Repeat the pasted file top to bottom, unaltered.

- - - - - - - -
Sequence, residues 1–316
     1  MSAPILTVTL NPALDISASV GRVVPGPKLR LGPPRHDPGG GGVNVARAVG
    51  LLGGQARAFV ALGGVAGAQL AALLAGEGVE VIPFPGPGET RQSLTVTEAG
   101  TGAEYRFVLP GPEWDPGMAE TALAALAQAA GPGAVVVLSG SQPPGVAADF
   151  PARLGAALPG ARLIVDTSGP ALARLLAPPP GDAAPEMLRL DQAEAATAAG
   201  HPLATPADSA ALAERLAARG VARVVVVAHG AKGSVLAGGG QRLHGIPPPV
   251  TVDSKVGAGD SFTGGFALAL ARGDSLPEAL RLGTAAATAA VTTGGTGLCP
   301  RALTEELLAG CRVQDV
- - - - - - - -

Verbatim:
Sequence, residues 1–316
     1  MSAPILTVTL NPALDISASV GRVVPGPKLR LGPPRHDPGG GGVNVARAVG
    51  LLGGQARAFV ALGGVAGAQL AALLAGEGVE VIPFPGPGET RQSLTVTEAG
   101  TGAEYRFVLP GPEWDPGMAE TALAALAQAA GPGAVVVLSG SQPPGVAADF
   151  PARLGAALPG ARLIVDTSGP ALARLLAPPP GDAAPEMLRL DQAEAATAAG
   201  HPLATPADSA ALAERLAARG VARVVVVAHG AKGSVLAGGG QRLHGIPPPV
   251  TVDSKVGAGD SFTGGFALAL ARGDSLPEAL RLGTAAATAA VTTGGTGLCP
   301  RALTEELLAG CRVQDV